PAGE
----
Blog Posts by Uncle Will

Posted by Uncle Will on 10/16/15
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What if Santa Claus was the real deal? What if Santa was real, but just not quite the person you were led to believe he was? If this premise interests you, then this Finnish coal black comedy is just what you need to fill your holiday stocking. 
Rare Exports: A Christmas Tale is a film that was based on an award winning short film released in 2005 entitled: The Official Rare Exports Inc. Safety Instructions. That "shorty" is included in the DVD special features; however, please don't watch it until the film is over because it will be a spoiler. 
Newcomer actor, Onni Tommila, plays Pietari Kontio. Pietari lives with his father near the base of the Korvatunturi Mountains in Lapland. It is a rough life, but the two have each other, which makes up for any shortcomings. The plot is fairly simple. Once a year the countryside men hunt to kill and dress beasts to last them through the bitter winter months. What the hunters are not prepared for is a very different kind of beast.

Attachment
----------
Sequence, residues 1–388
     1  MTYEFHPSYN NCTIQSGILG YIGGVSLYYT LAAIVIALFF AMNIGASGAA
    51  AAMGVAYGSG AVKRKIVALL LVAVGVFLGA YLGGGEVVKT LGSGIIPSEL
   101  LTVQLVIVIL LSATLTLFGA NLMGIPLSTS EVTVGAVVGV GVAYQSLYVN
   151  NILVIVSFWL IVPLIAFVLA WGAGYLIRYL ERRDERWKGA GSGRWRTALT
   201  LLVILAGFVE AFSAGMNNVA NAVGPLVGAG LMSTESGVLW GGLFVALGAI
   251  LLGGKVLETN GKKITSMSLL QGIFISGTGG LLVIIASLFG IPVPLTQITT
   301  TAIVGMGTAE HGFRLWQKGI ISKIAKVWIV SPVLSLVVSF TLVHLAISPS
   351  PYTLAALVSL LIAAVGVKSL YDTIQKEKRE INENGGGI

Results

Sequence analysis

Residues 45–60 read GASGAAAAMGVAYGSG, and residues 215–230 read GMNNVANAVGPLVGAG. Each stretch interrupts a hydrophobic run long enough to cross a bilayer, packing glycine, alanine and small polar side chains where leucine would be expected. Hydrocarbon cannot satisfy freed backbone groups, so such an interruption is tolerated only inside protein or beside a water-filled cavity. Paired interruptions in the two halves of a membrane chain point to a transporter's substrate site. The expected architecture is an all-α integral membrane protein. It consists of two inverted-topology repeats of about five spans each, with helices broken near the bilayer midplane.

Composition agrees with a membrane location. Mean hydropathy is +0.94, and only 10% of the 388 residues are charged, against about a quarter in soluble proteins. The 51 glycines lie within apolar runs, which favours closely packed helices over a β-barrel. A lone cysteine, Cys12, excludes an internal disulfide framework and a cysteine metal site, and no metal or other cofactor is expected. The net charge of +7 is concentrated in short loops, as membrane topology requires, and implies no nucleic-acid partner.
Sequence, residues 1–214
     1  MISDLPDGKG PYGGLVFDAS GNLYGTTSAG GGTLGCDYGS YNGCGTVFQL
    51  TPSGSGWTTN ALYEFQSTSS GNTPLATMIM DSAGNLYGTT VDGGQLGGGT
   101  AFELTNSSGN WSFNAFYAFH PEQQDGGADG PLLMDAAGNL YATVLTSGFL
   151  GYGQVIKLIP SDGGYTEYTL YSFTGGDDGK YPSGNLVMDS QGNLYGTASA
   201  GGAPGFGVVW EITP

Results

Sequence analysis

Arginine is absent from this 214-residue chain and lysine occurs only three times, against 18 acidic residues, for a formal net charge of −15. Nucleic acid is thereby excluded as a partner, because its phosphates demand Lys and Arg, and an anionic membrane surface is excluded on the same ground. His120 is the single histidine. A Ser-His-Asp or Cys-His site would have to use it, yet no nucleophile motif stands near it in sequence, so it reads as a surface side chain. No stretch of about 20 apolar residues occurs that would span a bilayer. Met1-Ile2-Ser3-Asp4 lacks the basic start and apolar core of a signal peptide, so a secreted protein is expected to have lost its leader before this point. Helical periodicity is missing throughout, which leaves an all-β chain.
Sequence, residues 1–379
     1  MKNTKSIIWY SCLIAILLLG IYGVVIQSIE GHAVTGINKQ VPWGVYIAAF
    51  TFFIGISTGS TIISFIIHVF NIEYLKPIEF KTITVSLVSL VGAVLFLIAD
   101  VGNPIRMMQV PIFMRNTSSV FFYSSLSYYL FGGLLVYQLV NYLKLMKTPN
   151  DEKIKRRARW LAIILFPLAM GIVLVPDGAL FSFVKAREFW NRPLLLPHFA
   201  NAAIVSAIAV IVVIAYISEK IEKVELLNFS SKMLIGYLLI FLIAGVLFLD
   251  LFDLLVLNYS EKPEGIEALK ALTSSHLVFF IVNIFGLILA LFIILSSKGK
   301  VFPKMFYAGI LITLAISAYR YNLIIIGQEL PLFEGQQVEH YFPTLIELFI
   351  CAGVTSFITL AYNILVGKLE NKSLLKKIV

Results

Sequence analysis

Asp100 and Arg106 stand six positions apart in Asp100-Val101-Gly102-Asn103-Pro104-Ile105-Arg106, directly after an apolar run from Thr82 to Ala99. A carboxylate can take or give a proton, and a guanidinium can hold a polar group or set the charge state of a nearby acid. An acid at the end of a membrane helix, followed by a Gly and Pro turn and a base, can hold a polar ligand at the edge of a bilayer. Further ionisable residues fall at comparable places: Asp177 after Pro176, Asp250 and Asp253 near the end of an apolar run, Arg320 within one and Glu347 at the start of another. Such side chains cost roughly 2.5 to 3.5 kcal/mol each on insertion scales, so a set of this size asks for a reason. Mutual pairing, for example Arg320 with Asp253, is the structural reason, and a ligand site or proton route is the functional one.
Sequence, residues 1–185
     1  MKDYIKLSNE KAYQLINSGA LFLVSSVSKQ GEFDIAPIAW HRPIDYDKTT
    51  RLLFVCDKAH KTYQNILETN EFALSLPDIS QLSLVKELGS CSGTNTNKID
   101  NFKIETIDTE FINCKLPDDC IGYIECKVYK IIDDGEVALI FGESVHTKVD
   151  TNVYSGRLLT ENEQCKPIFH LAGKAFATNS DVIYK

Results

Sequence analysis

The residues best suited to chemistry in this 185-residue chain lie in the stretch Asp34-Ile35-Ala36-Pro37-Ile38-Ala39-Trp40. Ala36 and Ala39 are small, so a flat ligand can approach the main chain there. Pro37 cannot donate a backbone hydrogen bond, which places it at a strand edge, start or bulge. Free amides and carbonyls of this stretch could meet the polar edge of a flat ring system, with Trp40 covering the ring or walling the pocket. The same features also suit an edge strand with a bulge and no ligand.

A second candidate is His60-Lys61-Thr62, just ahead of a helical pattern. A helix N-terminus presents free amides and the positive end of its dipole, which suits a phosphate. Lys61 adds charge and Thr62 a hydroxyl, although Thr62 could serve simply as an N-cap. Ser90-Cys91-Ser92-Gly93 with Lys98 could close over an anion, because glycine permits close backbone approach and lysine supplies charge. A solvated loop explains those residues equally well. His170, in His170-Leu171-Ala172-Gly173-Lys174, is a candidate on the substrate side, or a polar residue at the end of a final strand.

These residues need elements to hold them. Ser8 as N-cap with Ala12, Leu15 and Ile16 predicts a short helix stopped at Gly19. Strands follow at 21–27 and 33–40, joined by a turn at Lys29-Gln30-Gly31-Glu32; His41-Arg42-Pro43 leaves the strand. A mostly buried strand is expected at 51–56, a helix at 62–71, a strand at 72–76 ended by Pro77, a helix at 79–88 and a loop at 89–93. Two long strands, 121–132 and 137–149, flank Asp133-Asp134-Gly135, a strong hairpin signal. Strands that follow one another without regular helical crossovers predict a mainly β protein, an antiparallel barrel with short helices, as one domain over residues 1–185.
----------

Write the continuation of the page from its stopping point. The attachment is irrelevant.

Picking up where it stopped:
This film is rated R and a bit too intense for younger viewers. However, if you are looking for a holiday film that is off-center, yet still entertaining, check this one out.  If you enjoy Onni Tommila's performance, you can catch him in his newest film which stars Samuel L. Jackson: Big Game.
Posted by Uncle Will on 09/16/15
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What would you do if you were suddenly taken back in time 200 years?
Such is the dilemma for Claire Randall, the main character in Diana Gabaldon's epic novel, Outlander, published in 1991 and recently adapted into a TV mini-series. Claire is a WWII nurse in England who reunites with her husband, post-war, for a second honeymoon in Scotland. While visiting a historic hilltop, Claire is mysteriously transported back to 1743, where she must worry for her life, find the secret to her journey into the past, and somehow overcome immense odds to return to her husband, who is determinedly searching for her in 1945.
This series is well-written, keeping true to Gabaldon's suspenseful plot.  The scenery is breathtaking and the soundtrack perfectly underscores the drama of the period. This series should be the first choice you make for date night with that someone who is special.  It has a little bit of everything:  action, romance, humor, history, and grown men in kilts! 
If you enjoy watching, make sure to place a hold on Outlander Season 1 / Volume 2.
Posted by Uncle Will on 08/14/15
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Back in 2007, two New Zealand musician/comedians took the USA by storm in the hilariously creative TV series Flight of the Conchords.  One of the shows stars, Jermaine Clement, has gone on to make several films. His most recent is the vampire spoof What we do in the Shadows.